And these liabilities in the pew-sitter have been exploited by "authorities" such as Catherin Kroeger or egalitarian activists such as Pat Gundry to propogate flatly false and outrageous claims about historical evidence or the statements of people in the past. For religious feminists, the convenient lie is a favorite weapon in their arsenal.

Dear Bill,

Warfield himself must be read--not Lutjens's report of what Warfield said. Of course those who don't read him will judge the misattribution as much ado over nothing.

But the men who bother to go to the primary sources of McGill and various pieces by Warfield will find that McGill is clear and Warfield is obtuse, sometimes scatterbrained, and as he ages, a moving target on this issue. THIS IS THE REASON THESE MEN QUOTE MCGILL!

Attributing McGill's clarity to Warfield matters very much.

This is so obvious. Even the secondary source of Lutjens shows it--that is, if a man has read the primary sources and understands what Lutjens is and is not saying. Here's the pertinent section from Lutgens:


But when Warfield uses the term "deaconess," does he refer to a separate office for women, or simply to female deacons? Warfield says that what we know of deaconesses in the New Testament era and the first few centuries after it, is that "they constituted a female diaconate similar to and of like standing with the board of deacons which, in the New Testament, we find in every church" (p. 286). Hence deaconesses are the same as deacons, only with a difference: there is one office, but two parts to it--a male part and a female part, each organized separateIy, so Warfield seems to suggest. But he quotes Alexander McGill's 1880 article which said: "If the people of a particular church would simply elect women as well as men to the office of deacon, making one board or two separate boards, at their pleasure, of course ordained with the same vows and responsible to the same authority [as male deacons) ... the order is restored" (Warfield, p. 287).

This parallels Warfield's statement we have just quoted, although it makes it explicit (a) that there is only one office, (b) that it is a matter of expedience whether male and female deacons are organized separately, and (c) that the right of ordination belongs also to women deacons.


Notice where the quote marks begin and end. Notice how careful Lutjens is to qualify his summary of Warfied with "so Warfield seems to suggest." Notice at the end how Lutjens acknowledges that, if Warfield does indeed suggest what he seems to be suggesting, then McGill makes clear what Warfield has not made clear. Thus "(McGill's quote) makes it explicit."

But even with Lutjens's cautions about how he summarizes Warfield, men today think it's nothing that McGill's quote is misattributed to Warfield. What it proves is that men haven't read much B. B. Warfield--particularly on this matter.

The reason Lutjens is cautious summarizing Warfield and the reason I've cried "Foul!" at Phil Ryken and the Atlanta men and now Sam Wheatly attributing a slam-dunk quote to Warfield is that Warfield doesn't say anything this clear.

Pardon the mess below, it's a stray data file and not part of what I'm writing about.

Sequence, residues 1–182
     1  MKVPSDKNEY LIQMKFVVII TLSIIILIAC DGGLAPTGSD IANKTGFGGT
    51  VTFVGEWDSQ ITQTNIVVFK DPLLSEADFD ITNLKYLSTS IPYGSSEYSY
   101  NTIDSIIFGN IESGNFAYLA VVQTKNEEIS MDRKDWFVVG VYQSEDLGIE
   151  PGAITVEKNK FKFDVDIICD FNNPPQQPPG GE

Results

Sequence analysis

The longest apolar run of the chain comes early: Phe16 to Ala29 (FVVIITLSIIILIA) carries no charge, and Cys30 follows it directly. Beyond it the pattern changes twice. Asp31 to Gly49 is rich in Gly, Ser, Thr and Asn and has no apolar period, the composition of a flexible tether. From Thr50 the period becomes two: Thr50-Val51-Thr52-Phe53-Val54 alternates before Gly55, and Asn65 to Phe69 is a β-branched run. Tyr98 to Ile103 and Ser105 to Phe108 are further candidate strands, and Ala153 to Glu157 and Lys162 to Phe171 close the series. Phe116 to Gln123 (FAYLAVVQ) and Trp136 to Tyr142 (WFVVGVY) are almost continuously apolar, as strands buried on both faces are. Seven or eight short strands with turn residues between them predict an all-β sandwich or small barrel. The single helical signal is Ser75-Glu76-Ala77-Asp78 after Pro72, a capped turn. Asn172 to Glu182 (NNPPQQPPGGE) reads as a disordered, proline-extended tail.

As I said before, there's a reason these men cherry pick this quote. This quote is perspicuous. Clear. Explicit. This quote is a slam-dunk. This quote is the kind of silver bullet destroyers love to trot out to shake the confidence of the timid. "Well, if august B. B. Warfield made such a clear declaration, why am I squeamish about 'deeks?' I must be wrong."

Depending on secondary sources is always dangerous because one is trusting someone else to give one the authority himself, and in a pre-masticated form.

When it's said that a tertiary source misquoting a secondary source's quotation of a primary source doesn't matter, I simply give up.

But hey, you men are right. Who cares what B. B. Warfield did and didn't say. Which reminds me...

Did you know B. B. Warfield ghost-wrote Jack Collins's new book arguing against the historicity of Adam? The Witch of Seminaries Past channelled him.


To whet readers' appetites, here is the beginning of one of Warfield's treatments of the subject and it makes clear why Wheatly's misattribution is so very bad. Warfield's nuances are entirely lost in the McGill quote.

The point is not that Warfield can't be quoted in support of deaconesses. The point is that any Warfield quote in support of deaconesses lacking this context and brought into the conflict of our day where Tim Keller has a woman officer as "Director" of his deacons is entirely, and I would say intentionally, misleading.

* * *

AFTER, many years of agitation, the Presbyterian churches have at last been brought fairly to face the problem of “the revival” of the office of deaconess. As long ago as 1861 the late Dr. W. Fleming Stevenson, in two interesting papers in Good Words, commended the institutions of Kaiserswerth to the Presbyterian public as worthy of all imitation. And the late Dr. Alexander T. McGill recommended the revival of the office, in a somewhat different sense, to many successive classes in Princeton Seminary, publishing his strong appeal at length to the church in the first volume of this REVIEW (1880). The Presbyterians have by no means been the first of Protestants to move in this effort to revive a primitive office or to organize the work of woman for Christ; but they may prove, in accordance with their genius, to be the first to organize this work under general church authority and in complete ecclesiastical control, and perhaps they may be the first to revive the office of deaconess in a truly Scriptural form.